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6 thoughts on “My Multitool Review

  1. The Wave has been my mainstay for many years now. I’ve had a few and lost a few.
    The Wave in it’s original state seems to be a better tool all around than the new Wave.
    I don’t like the lack of small straight blades and the steel reversible screwdriver tip of the new Wave. In addition, the new Wave seems a bit more bulky in your hands than the old Wave.

    Several years ago I broke the needlenose pliers on my old Wave and sent it back to Leatherman. They didn’t repair it but sent me a new Wave instead. I wasn’t particularly happy with the upgrade. I managed to buy three old Waves at an Ebay auction and those are what I have been using since. The new Wave sits in my dresser drawer.

    I’ve never owned a gerber of any sort.
    I have considered buying a Leatherman Squirt E4 since it has a nice pair of wire strippers.

  2. My son has received an old Leatherman Wave as a gift; how old exactly is that? And is it normal that the tools are very hard to extract, even though no visible signs of rust or wear?

    If he would want to sell it, what would be a fair price?

    Thanks

    • I bought the first leatherman pictured above in 2004. they kept making it for a while after that, and i’m not sure when it was introduced
      if its like the one pictured, Its likely to be at least 3 or 4 years old I imagine. maybe older or younger, it is hard to know exactly. I believe the first wave was introduced in 1998, so it *could* be as old as 11 years old.

      The tools can get gummed up with dirt and muck, so if they are hard to extract, get a can of penetrating oil such as WD-40, and give it a good spray, opening and closing the tools a few times to help the oil get inside the pivots.
      give the joints the occasional spray while opening and closing, as most of the spray tends to run off.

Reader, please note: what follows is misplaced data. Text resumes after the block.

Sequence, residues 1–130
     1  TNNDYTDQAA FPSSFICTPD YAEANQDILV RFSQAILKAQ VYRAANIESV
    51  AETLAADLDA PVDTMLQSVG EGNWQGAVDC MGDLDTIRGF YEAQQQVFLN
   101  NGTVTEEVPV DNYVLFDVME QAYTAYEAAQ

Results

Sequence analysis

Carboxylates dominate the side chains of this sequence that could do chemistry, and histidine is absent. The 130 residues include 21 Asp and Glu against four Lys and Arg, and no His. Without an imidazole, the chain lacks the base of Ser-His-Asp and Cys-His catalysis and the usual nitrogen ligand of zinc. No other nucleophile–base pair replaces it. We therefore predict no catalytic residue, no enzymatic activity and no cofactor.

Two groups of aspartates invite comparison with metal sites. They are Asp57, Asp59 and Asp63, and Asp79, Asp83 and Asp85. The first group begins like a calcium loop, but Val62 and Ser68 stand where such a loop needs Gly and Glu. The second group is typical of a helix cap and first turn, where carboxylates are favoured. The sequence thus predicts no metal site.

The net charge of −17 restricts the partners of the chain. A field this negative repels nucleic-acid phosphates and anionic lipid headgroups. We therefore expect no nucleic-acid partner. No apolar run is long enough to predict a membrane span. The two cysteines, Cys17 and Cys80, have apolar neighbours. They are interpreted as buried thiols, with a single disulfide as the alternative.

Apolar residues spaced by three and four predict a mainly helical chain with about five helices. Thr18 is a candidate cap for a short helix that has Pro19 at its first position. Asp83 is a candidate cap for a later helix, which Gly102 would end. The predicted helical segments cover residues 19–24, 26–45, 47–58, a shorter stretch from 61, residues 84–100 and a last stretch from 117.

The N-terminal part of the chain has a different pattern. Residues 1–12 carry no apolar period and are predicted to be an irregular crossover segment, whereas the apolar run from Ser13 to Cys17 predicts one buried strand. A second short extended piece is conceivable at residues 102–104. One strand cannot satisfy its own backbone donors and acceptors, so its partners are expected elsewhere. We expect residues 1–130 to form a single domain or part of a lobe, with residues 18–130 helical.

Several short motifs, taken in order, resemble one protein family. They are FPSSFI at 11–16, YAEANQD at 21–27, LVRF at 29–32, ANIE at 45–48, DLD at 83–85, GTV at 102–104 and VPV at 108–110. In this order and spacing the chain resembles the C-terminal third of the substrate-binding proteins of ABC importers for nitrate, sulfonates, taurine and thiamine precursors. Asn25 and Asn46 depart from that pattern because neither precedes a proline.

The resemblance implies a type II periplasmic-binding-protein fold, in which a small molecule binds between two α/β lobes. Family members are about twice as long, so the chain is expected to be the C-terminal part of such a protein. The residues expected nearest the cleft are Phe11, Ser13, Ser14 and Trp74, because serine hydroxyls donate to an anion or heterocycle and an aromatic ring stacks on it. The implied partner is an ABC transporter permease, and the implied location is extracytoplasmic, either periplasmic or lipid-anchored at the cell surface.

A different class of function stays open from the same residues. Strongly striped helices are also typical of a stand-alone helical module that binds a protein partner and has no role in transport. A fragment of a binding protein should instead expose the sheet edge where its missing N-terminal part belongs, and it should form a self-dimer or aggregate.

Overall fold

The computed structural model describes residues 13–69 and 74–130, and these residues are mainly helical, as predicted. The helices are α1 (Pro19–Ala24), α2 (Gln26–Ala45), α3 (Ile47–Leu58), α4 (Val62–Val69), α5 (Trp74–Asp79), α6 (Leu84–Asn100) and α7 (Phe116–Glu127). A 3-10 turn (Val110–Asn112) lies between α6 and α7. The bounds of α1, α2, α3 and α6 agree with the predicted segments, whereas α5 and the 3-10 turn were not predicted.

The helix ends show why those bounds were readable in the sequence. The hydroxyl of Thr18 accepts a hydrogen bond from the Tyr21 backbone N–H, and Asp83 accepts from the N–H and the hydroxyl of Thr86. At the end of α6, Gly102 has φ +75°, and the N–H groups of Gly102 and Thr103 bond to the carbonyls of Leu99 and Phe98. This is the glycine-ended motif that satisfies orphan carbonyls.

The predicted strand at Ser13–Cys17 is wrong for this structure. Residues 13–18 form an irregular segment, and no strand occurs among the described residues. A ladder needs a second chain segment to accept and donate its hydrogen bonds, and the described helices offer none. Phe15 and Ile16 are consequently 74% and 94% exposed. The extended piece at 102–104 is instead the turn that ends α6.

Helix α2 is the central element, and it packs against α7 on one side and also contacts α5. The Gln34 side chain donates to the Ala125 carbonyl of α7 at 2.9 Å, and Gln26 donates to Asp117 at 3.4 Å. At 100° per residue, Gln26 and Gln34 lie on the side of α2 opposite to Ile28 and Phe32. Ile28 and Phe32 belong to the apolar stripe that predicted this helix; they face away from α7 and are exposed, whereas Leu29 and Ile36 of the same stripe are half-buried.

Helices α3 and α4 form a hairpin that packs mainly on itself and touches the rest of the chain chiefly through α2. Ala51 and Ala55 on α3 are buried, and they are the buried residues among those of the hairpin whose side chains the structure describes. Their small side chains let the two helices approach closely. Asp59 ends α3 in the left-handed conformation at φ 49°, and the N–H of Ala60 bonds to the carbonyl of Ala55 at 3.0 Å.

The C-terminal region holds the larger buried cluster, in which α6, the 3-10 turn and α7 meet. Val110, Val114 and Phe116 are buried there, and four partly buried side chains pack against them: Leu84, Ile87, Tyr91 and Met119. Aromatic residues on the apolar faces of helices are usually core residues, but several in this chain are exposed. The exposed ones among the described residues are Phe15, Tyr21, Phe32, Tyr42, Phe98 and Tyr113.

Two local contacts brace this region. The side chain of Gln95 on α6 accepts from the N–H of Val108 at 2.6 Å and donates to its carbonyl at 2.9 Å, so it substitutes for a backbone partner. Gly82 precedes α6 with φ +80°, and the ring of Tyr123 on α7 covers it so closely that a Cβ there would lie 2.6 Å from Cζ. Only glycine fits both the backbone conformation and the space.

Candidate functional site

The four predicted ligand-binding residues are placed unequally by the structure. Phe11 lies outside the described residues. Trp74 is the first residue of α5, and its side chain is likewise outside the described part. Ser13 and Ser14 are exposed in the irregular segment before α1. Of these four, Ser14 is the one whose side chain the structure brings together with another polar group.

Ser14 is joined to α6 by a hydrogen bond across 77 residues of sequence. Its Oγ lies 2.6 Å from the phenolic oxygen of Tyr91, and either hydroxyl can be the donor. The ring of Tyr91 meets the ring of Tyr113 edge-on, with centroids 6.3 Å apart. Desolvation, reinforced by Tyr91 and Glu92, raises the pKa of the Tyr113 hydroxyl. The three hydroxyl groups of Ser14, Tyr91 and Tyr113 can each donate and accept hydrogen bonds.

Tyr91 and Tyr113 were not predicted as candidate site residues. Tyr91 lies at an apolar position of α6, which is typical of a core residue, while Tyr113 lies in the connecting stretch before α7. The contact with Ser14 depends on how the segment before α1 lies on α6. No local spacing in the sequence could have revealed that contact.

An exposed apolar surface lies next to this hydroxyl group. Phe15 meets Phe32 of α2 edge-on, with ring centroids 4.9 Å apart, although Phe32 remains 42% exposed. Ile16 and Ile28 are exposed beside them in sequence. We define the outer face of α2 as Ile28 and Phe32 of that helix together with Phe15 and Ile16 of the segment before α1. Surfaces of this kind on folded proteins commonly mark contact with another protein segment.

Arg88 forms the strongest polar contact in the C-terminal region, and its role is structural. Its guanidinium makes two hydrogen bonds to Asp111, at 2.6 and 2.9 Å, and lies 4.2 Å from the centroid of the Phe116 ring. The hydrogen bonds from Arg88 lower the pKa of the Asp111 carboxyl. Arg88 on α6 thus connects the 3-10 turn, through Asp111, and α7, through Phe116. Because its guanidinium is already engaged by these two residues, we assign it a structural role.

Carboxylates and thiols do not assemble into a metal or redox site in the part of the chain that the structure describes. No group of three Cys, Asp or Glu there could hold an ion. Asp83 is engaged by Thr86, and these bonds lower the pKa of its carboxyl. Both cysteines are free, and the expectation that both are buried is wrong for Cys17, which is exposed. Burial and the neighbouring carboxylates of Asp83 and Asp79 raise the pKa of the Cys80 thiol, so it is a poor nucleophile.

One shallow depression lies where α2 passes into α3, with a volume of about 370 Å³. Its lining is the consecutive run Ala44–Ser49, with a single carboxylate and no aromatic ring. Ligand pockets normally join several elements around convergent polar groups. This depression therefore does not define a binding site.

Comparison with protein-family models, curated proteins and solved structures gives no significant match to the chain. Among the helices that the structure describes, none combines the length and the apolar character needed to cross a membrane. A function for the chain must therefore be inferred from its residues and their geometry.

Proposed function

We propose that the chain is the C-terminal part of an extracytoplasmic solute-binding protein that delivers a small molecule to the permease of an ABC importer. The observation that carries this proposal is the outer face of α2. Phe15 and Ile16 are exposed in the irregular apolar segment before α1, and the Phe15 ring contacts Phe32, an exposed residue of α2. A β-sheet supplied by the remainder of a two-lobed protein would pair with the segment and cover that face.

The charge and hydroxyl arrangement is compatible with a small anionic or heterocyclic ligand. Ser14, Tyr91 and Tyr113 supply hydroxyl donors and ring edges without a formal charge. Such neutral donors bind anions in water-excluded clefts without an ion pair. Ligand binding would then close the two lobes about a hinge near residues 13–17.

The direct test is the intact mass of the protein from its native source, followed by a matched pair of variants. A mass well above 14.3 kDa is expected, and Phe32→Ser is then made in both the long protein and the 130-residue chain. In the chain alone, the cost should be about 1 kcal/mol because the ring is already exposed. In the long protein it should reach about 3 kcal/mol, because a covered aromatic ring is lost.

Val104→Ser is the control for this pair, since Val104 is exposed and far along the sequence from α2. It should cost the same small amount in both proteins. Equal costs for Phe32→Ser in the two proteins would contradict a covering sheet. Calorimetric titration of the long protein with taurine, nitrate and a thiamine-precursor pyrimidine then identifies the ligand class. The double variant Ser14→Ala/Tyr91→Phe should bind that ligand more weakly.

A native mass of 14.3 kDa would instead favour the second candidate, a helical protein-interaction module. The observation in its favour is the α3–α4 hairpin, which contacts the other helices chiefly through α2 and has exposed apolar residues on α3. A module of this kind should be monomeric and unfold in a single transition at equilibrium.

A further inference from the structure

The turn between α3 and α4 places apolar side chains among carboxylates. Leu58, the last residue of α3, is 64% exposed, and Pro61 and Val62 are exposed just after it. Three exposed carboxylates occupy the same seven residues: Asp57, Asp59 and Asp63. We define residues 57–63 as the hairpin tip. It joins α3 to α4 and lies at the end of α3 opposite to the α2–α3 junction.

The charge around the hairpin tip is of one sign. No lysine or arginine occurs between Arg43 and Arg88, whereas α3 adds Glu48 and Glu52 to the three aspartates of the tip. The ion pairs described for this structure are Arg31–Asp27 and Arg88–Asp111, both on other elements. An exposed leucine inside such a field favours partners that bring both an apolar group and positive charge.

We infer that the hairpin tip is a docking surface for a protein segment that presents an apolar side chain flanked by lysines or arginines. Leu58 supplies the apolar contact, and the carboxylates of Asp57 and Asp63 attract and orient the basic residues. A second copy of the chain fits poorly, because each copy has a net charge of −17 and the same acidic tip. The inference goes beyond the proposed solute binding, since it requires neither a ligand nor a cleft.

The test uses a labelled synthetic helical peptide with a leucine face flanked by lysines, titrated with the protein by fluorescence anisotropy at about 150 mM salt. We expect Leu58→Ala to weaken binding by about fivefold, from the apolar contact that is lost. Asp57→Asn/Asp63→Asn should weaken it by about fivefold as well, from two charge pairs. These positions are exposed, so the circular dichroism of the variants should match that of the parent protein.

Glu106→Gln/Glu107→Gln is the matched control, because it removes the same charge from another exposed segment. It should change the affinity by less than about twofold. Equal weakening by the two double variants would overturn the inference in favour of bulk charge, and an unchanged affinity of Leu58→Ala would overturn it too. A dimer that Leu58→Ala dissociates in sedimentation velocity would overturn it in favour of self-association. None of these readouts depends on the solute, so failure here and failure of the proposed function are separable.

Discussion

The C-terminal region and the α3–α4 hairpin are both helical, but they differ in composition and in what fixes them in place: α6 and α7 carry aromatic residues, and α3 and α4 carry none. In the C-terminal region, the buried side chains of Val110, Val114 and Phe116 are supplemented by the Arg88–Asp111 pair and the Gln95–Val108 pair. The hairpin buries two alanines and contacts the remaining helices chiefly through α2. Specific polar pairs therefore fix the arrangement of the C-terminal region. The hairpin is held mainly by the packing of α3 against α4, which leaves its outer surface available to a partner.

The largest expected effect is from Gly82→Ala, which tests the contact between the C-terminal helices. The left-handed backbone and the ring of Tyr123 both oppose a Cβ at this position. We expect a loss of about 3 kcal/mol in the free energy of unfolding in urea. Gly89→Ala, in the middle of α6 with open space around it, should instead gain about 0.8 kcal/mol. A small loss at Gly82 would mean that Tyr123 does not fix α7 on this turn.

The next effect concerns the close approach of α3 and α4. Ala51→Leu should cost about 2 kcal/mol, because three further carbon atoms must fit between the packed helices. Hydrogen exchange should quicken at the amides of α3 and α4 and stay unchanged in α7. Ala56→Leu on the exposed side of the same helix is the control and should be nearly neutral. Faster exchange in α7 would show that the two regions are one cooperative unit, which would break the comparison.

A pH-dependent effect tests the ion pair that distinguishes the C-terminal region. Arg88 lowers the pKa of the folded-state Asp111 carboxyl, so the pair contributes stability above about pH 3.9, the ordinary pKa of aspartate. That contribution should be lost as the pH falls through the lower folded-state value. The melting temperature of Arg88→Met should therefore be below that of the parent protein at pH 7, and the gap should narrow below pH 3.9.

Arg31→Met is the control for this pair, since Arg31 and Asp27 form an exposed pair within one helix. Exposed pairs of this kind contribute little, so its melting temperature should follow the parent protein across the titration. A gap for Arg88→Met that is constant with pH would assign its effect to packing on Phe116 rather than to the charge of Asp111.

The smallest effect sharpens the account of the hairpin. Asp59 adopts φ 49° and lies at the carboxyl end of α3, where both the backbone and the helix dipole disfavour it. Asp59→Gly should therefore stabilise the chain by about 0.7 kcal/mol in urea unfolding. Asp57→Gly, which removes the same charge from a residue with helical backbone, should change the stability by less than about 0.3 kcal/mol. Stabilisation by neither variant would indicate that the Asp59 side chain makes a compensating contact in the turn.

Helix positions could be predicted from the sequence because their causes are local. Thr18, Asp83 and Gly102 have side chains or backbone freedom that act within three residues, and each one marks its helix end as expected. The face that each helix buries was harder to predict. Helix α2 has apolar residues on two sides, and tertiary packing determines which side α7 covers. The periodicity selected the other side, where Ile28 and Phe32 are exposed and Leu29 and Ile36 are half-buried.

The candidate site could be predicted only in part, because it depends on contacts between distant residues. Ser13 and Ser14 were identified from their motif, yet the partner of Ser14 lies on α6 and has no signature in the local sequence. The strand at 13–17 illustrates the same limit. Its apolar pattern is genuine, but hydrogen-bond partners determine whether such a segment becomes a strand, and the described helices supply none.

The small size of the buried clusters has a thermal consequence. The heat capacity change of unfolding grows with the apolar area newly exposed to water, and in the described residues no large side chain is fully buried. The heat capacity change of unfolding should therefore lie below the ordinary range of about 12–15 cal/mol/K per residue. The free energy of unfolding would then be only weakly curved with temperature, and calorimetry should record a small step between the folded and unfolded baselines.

WD-40 and the likes tend to be pretty messy, so I reccomend doing this outside
      If this doesn’t work straight away, you can try putting the tool in a container, spraying as much WD-40 in there as possible, and let it sit for a while, then try again

      re-sale wise, I’m not sure what it would be worth, It would depend on its condition, and how you sold it. selling it on ebay, I would imagine you wouldn’t get a lot for it, there are too many other ones. I sold a couple of skeletools a while back, brand new, and only got about $60 (au)for them, which was a little dissapointing, but I covered what I paid for them (and got to keep one).
      I would say a good condition one *should* be worth about $50 – $60(au) or so, but it really depends, and where you can find a buyer.

      I hope that helps you out.
      Cheers,
      Matt

    • If you are curious as to the age of your Wave (or any of the large Leathermans (Leathermen?)), there should be a date code on the inside of each of the handles. It’s four digits – first two are the month, the second two are the year.

      Hope this helps!

  3. Hi Matt

    Thank you very much for your reply, that was really helpful. His Wave looks exactly like the one in the picture above, with the same lettering.

    Greetz from Tel Aviv!
    Sandra

  4. I have a Sheffield with locking pliers made in China but of fair quality. It is exactly like your Kershaw.